His message is carried like lightning on social media and is amplified by right-wing media personalities and grifters (but I repeat myself) who find profit and influence in the humiliation of their country.

It is truly the technological golden age for casual sedition.
What can be done? We can refuse to inhabit the lie. We can praise and support Republican politicians such as Sens. Mitt Romney (R-Utah) and Ben Sasse (R-Neb.), and Govs. Larry Hogan (Maryland) and Brian Kemp (Georgia) who are standing in the gap. And we must ensure that the aspirations of people such as Hawley — who has made the madness more mainstream — come to nothing. This begins with a simple and sad recognition: The ambitions of this knowledgeable, talented young man are now a threat to the republic.

Someone wrote an executive order, dated December 28, and signed Donald Trump’s name to it, declaring that the emergency conditions created by the COVID make it vital to use federal funds for vouchers. Don’t waste a minute! Scoop up federal funds and put your child in a substandard voucher school!

We know that Trump didn’t write the executive order because he’s at Mar-a-Lago nursing his grievances.

It appears to have been written by Jim Blew, who works for her and used to work for the Walton Foundation. Even if Trump refuses to concede, DeVos knows it’s over and she will use her last days in office to throw money out the door to find vouchers for private and religious schools.

Andrew Ujifusa of Education Week tweeted that the program Trump wants to use for vouchers is part of HHS, the Community Services Block Grants, and it does NOT make individual grants. Shows how desperate Betsy is to funnel money to vouchers as the sun sets on her days in the Department of Education.

He wrote:

In a new executive order, Trump says he’s authorizing HHS to allow Community Services Block Grant money to fund private school scholarships, homeschooling, and other education services “for use by any child without access to in-person learning.”

Then, in follow-up tweets”

The Community Services Block Grants program “provides funds to alleviate the causes and conditions of poverty in communities.” Notably, the program doesn’t provide direct grants to individuals.

It’s not immediately clear to me that Trump can do this through an executive order.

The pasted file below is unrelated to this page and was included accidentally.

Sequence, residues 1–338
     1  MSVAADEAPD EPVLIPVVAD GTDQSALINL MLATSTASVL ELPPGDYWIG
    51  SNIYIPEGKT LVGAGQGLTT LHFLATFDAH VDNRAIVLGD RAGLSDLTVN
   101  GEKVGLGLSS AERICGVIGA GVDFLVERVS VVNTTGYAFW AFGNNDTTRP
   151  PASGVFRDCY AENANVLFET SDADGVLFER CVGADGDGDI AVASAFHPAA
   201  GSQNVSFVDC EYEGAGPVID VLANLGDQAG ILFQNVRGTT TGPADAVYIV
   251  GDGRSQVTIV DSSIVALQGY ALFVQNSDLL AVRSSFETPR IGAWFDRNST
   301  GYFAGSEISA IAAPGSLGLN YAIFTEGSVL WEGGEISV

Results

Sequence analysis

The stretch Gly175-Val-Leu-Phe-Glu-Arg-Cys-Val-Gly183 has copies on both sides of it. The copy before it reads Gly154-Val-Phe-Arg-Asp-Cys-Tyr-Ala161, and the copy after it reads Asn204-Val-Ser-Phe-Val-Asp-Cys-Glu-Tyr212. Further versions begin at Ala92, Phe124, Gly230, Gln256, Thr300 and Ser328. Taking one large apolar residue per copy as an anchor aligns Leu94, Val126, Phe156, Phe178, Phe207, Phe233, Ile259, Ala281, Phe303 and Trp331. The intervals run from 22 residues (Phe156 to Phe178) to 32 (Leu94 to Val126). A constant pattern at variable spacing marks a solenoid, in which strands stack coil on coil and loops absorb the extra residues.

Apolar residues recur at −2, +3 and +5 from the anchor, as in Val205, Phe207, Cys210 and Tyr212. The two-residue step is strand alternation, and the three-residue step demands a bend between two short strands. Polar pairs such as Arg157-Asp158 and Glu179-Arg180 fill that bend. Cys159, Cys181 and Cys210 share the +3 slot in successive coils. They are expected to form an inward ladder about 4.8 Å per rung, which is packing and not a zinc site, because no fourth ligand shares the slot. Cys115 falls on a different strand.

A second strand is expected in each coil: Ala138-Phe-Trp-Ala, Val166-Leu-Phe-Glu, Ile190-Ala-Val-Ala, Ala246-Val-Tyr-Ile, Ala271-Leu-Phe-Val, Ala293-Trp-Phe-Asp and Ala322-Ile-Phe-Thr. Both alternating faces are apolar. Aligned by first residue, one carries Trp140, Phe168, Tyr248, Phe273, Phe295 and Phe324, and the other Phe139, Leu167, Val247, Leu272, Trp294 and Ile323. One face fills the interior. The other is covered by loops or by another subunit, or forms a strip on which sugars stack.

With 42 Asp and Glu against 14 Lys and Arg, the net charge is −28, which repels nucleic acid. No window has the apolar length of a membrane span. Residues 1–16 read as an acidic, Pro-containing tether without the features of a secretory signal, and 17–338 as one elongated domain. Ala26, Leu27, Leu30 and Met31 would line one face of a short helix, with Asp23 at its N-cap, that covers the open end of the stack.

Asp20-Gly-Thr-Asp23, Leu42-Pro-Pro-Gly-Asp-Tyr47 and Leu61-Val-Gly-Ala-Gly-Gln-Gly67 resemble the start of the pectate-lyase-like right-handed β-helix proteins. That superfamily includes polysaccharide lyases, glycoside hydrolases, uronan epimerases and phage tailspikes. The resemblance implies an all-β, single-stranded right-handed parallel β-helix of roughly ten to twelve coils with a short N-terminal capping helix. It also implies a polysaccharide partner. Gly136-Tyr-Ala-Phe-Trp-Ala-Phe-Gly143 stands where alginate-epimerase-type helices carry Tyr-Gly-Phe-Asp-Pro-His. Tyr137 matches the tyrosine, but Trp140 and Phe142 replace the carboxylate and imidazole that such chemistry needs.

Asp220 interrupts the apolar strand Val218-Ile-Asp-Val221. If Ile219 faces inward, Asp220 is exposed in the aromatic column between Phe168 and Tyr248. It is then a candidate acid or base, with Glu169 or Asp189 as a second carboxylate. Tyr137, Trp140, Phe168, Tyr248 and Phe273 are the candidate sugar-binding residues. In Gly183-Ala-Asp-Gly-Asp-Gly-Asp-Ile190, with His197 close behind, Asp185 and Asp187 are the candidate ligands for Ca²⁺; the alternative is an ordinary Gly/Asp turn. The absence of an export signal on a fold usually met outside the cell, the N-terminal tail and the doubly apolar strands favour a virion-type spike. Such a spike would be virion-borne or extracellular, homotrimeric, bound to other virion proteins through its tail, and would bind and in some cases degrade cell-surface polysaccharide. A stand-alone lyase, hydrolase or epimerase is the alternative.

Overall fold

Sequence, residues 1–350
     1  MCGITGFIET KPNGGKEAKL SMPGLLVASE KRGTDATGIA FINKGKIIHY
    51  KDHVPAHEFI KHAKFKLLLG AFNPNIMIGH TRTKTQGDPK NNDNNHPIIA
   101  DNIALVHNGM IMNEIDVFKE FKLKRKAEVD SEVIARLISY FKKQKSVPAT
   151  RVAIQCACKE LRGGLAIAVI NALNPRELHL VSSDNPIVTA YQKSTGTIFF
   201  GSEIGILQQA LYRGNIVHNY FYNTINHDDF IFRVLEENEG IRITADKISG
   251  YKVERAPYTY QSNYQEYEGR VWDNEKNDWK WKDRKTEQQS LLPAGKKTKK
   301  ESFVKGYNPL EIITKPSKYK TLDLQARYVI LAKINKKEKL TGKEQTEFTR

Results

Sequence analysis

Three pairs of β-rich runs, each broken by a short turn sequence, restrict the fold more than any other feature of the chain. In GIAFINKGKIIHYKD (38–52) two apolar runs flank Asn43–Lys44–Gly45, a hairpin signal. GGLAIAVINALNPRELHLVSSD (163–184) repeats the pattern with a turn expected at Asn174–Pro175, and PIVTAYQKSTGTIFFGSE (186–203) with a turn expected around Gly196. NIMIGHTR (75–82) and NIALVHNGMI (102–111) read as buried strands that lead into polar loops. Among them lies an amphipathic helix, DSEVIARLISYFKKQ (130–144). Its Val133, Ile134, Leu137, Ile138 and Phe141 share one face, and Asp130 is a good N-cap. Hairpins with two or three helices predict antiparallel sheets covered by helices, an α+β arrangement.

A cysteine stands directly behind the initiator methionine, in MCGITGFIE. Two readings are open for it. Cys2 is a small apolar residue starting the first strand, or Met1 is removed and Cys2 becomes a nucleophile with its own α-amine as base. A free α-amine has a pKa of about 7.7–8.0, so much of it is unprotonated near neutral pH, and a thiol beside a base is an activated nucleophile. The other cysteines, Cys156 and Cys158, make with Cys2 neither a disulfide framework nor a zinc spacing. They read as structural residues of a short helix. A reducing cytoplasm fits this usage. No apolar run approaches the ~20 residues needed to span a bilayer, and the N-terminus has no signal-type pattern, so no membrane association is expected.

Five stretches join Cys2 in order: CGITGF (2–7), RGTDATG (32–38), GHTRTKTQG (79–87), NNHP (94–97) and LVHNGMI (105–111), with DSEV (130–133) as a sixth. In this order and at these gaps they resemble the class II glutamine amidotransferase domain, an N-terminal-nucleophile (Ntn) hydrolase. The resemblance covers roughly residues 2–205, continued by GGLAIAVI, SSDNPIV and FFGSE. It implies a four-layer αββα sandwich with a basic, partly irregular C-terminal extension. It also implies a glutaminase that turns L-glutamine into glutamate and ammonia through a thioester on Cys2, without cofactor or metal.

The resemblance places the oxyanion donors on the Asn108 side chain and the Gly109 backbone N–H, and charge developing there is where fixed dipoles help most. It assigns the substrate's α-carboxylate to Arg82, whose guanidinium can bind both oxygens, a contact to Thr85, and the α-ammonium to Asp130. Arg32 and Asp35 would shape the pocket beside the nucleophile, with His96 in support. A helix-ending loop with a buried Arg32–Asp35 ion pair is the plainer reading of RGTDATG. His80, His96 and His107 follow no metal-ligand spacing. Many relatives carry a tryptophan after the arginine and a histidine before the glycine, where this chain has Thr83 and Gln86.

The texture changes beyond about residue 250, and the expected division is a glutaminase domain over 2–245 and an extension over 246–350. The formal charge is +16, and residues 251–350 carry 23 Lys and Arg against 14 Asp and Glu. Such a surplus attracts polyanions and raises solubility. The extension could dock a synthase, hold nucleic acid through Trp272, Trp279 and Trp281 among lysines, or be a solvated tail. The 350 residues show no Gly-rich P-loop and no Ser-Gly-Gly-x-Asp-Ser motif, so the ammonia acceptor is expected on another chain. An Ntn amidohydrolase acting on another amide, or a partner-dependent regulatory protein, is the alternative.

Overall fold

The Trump administration tried but failed to get a school choice expansion into the COVID relief package Trump signed yesterday.

Again, I’d pump the brakes before assuming this executive order delivers a major (or any) K-12 choice boost. Plus, Biden is on the way, etc...

It’s worth remembering that folks were reportedly negotiating to get vouchers/some form of school choice into the COVID deal up until the last few hours. I’m not sure if the Trump administration laid any regulatory groundwork for this EO, or if this is a last-ditch gesture.

He concludes his thread by saying that Betsy has pushed hard to get vouchers into the COVID bill.


I recently received a letter from a teacher in Chester-Upland, Pennsylvania. I have written about this district many times, as a large charter company owned by a Philadelphia lawyer is draining it of resources and students for his low-performing charter school. The district is like a lamb led to slaughter, with rapacious wolves ready to gobble it up. See here and here and here and here. See Carol Burris on the takeover of the district here. See Peter Greene on the evisceration of the Chester-Upland schools here (also posted on the blog here).

In case you think that Chester Community Charter School is “helping save poor students from failing public schools,” consider that only 7% of the charter’s students were proficient in math, compared to a state average of 45%, and only 17% of its students were proficient in reading/language arts, compared to a state average of 63%.

Why would state and county officials permit a failing for-profit charter school to take over an entire public school district? Is it because the district is overwhelmingly low-income and black and no one cares?

The teacher asked to remain anonymous for obvious reasons.

He wrote: